Will he stay or will he go? That’s the biggest question in Jimmy Garoppolo’s life these days. After acquitting himself well in 1.5 games this past September, there isn’t a quarterback-hungry franchise that hasn’t been associated with rumored trade for Jimmy G.

A trade might be the perfect solution for Garoppolo and any team that acquired him. Jimmy G. can’t be happy sitting behind the ageless Tom Brady, and he must be itching to start after three years mostly on the bench. And the other team wouldn’t need to watch college tape to project how Garoppolo fits in their system; they have NFL film to look at.

Unfortunately for Garoppolo, he isn’t a free agent; he’s still under contract to the Patriots. And what is best for him and the other team won’t happen unless it’s also best for the Pats. And what’s best for the Patriots depends on a lot of factors.

The Background

Garoppolo’s potential destinations seem endless. The pathetic Browns, rebuilding 49ers, perennially quarterback-less Bears, Brock-hating Texans, Manning-mourning Broncos, and both division rivals from New York (the Bills and Jets) are all in play. In a 32-team league, it sometimes seems like 33 teams want Garoppolo.

But not all suitors are created equal. SanFran might make a run at Kirk Cousins, despite a hefty price if Washington places the franchise tag on him. Houston can’t let Brock Osweiler go for another year without clobbering their salary cap, so they are probably out of the running. And the Broncos… well, the Patriots are unlikely to trade Garoppolo to such a strong rival.

But the Browns, 49ers, Bears, Jets, and Bills all have the draft capital to pull off a trade. In order, they pick first, second, third, sixth, and tenth in the first round of this year’s draft. And don’t count out the two AFC East teams. The Patriots traded Drew Bledsoe to the Bills in 2002, so they do not fear dealing players within the division.

The Mainstream Media’s Take

If the pundits are to be believed, none of those single first-round picks would be enough to pry Garoppolo from the Patriots grasp. Local Boston hosts Michael Felger and Tony Massarotti nicely exemplify the opposite ends of the spectrum. Felger thinks that Patriots surrogates like Mike Lombardi are pumping up Jimmy G’s value so the Patriots can try to get multiple picks in return. Massarotti claims he wouldn’t trade Garoppolo for anything, preferring to keep him as an insurance policy against Brady injury or decline.

In between, there are those who think the Pats will wait for a desperate team to empty their draft vault for the backup QB. Others propose the Patriots keep Garoppolo through the 2017 season, franchise him in 2018 and trade him, much like Matt Cassel in 2009. And one or two think the Patriots should keep Garoppolo around to take over when (not if, when) Brady wins his sixth ring next February and retires.

The Pats could wait around for a blockbuster offer; this is a weak quarterback draft, after all. However, they can’t depend on winning Super Bowl LII (nor that Brady would retire if they won). And they can’t really franchise Garoppolo in 2018 to facilitate a trade. Cassell was franchised for less than $15 million next year’s projected franchise tag would be north of $23 million, making him much more difficult to move.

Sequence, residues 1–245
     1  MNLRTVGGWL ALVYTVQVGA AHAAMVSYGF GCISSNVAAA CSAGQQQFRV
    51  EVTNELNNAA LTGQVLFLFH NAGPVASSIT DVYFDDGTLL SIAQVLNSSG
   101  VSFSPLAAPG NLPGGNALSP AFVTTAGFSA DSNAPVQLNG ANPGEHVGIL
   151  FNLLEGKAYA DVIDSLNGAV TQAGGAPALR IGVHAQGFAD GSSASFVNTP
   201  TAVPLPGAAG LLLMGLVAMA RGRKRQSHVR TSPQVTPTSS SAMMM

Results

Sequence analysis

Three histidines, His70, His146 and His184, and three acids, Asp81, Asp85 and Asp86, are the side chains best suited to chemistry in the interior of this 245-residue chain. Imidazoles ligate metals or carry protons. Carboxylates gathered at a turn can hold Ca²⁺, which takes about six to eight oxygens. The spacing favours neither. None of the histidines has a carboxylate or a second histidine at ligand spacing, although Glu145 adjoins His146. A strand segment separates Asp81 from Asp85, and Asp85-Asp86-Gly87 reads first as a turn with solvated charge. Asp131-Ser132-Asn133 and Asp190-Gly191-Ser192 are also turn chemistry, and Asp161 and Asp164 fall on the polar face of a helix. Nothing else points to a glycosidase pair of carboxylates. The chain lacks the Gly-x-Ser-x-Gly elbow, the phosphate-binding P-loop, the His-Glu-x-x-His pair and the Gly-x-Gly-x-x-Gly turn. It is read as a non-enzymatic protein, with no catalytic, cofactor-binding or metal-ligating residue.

The Forgotten Man

Absent from almost every trade scenario you hear is one extremely important bit of context. The question of what the Pats do with Garoppolo and Brady depends very little on either player. It depends on someone else: third-string quarterback Jacoby Brissett.

If the Patriots believe in Brissett, who played 2.5 games of his own last fall, then almost all the trade scenarios listed come into play. If they don’t, then there is no way they would trade Garoppolo and leave themselves without an able backup quarterback.

What They Should Do

Forget what the fans want, what the media thinks might happen, and even what the Patriots want to do. Here is what the Pats should do.

If they don’t trust Brissett, then develop him for another year and keep Garoppolo around for one more season. Assess the situation at the end of 2017. If it’s another QB-weak draft, franchise Garoppolo and trade him. If not, let him walk and take the compensatory pick (a third-rounder, I believe).

However, if they trust Brissett to backup Brady, then trade Garoppolo this off-season. Jimmy G. will never have more value on the trade market than this year.

Teams will offer more because 2017 is the last year of his rookie contract, so he’s getting paid peanuts. And that gives them a year to evaluate how he plays in their system and work on a long-term deal. After that, the team would still have two franchise tag years to do something long-term. And if he washes out after a year, you let him go and you get the compensatory pick instead.

Garoppolo loses value every year, because the risk of trading for him increases as his salary does. The Patriots can likely get a first round pick for him this year. It might not be one of those top-ten picks listed earlier; but Cleveland has another pick at #12. If the Pats can get that pick, they should take it.

Because unless Brady gets injured and Jimmy G. dazzles everyone in his stead, they will be lucky to get a third-rounder the following year under a franchise designation. It’s just too much money to take the financial risk; so the pick would be much lower.